Cameron Duodu


‘When a colonised state gains its independence, its troubles are not over. They are just beginning.’


Frantz Fanon played a key role in ‘legitimising violent struggle’ among ‘African liberation movements’, writes Cameron Duodu, in an exploration of Fanon’s relationship with Pan-Africanism, in particular in Ghana.

Disturbed by two incidents involving elderly women suspected of witchcraft – one of whom was burnt alive, while the other was denied medical treatment – Cameron Duodu calls for Ghana to value the lives of all its citizens.


Following the death of Gaddafi, Libyan communities ‘will have to work together to prevent the nation from disintegrating or being recolonised,’ writes Cameron Duodu.

US Army

‘Mention South Vietnam, Cambodia and Laos, and those with good memories can attest to the lesson of history, which is that if you want to remain friendly with the USA, keep its military at arm’s length.’ So why would Ghana risk souring its relationship with the US, as Pakistan has already done, by allowing it to use Ghanaian territory for military purposes, asks Cameron Duodu.

BRQ Network

Following reports of racist attacks on black migrants in Libya by anti-Gaddafi forces, Cameron Duodu says it’s ‘shameful that after touting “African unity” since 1963, Africans still have to seek NATO’S protection, because Africans are killing Africans.’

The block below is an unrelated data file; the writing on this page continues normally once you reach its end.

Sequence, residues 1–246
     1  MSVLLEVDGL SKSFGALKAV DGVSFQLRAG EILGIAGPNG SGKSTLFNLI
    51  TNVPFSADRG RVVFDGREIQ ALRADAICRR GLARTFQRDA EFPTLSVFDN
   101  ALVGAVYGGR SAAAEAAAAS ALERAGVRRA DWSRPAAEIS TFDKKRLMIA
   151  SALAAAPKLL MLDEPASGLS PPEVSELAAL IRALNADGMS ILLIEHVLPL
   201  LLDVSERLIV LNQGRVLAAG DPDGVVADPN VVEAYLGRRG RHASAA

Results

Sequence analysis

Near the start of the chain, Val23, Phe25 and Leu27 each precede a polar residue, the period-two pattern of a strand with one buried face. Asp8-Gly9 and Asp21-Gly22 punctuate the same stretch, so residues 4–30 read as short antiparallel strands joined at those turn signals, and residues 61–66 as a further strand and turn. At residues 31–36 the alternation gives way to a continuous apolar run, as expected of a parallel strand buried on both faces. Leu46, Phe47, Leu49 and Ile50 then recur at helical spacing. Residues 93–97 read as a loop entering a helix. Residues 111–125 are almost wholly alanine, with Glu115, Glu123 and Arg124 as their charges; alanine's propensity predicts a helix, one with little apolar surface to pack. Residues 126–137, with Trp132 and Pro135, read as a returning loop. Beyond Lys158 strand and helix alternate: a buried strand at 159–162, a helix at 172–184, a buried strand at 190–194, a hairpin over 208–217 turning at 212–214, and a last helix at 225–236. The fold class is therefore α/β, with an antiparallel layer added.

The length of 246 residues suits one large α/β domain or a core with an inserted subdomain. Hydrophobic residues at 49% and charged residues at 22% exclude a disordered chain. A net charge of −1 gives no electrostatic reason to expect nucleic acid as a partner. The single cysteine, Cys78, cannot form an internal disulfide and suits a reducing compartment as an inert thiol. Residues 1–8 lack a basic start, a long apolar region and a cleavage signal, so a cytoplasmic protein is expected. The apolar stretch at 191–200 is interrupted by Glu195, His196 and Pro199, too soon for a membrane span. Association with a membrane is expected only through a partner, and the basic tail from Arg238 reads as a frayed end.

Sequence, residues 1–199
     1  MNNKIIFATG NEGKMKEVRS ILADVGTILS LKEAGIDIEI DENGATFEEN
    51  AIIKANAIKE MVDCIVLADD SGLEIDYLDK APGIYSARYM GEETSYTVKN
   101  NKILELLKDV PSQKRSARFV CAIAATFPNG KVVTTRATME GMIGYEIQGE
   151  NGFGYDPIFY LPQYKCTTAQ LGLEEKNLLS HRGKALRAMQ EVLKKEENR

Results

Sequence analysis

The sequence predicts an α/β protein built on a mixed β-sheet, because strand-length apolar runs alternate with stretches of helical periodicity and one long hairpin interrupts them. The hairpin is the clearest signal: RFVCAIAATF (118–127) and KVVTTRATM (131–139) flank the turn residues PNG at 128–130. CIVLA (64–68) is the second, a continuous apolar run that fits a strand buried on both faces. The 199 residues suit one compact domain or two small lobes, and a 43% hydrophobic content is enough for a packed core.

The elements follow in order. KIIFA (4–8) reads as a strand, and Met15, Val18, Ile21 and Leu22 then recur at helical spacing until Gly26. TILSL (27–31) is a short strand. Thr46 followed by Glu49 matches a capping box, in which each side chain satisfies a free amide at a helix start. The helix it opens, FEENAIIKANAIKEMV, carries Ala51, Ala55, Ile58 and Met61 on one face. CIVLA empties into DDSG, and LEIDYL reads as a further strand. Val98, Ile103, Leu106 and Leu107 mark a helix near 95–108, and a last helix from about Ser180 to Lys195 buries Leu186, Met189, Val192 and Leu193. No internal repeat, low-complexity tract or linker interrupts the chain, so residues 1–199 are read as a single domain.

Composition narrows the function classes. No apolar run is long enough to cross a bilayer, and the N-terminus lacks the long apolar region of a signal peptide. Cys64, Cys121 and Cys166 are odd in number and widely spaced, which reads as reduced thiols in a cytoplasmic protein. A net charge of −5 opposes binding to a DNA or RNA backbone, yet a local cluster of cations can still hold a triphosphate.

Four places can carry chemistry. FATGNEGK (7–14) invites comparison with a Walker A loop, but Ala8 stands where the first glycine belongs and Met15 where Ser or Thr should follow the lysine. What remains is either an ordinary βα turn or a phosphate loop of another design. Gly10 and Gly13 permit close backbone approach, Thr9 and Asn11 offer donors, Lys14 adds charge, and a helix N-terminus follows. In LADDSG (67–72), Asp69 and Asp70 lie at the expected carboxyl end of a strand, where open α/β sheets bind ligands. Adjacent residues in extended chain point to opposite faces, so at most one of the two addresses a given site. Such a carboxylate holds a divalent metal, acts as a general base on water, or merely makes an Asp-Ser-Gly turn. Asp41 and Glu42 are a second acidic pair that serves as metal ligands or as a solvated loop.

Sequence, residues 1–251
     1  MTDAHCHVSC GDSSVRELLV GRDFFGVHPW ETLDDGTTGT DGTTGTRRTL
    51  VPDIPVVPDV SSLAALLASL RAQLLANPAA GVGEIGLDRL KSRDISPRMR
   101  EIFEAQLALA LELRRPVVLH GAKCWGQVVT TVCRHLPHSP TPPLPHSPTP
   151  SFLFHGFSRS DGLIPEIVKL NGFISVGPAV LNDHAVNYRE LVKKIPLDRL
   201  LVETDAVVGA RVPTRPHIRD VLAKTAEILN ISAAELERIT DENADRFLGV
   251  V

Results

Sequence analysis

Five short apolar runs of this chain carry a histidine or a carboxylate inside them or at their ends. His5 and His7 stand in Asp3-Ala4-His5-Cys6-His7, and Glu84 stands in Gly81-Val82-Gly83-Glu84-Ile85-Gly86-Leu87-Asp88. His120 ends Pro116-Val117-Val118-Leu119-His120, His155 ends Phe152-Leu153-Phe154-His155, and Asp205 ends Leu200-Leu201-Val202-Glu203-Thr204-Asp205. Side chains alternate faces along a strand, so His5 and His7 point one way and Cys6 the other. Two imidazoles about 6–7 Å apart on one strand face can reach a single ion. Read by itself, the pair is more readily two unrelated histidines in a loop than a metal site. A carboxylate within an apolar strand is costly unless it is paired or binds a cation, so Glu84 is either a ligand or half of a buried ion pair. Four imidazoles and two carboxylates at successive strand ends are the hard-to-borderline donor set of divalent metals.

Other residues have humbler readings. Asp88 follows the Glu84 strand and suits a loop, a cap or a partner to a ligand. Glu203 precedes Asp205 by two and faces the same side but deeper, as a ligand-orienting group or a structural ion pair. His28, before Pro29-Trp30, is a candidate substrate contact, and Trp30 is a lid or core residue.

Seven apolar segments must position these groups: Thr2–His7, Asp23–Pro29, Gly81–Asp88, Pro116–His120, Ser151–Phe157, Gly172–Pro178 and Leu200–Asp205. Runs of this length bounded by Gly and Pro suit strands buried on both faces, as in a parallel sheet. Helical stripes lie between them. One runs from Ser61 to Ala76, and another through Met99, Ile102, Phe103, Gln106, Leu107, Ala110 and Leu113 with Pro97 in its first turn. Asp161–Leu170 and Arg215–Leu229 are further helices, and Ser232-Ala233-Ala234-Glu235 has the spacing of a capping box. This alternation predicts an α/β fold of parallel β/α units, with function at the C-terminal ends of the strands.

I heard of Samir Amin long before I met him. As a member of the Ghana Youth Council, I was involved in organising a conference that we thought would bring together youth movements throughout Africa to plan how we could plan together to advance the cause of Africa's political and economic development.


With UK Prime Minister David Cameron continuing to face pressure over the News International scandal, Cameron Duodu considers the parallels with Watergate in the US in the 1970s.

38 Degrees

At the time of a bid for a majority stake in BSkyB, the revelations of phone hacking and subsequent closure of the Rupert Murdoch-owned News of the World have rocked the British body politic, writes Cameron Duodu.


While George Padmore is well known as the ‘father of African emancipation’, Cameron Duodu reminds us of the life and ideas of Edward Wilmot Blyden, ‘the grandfather of African emancipation’.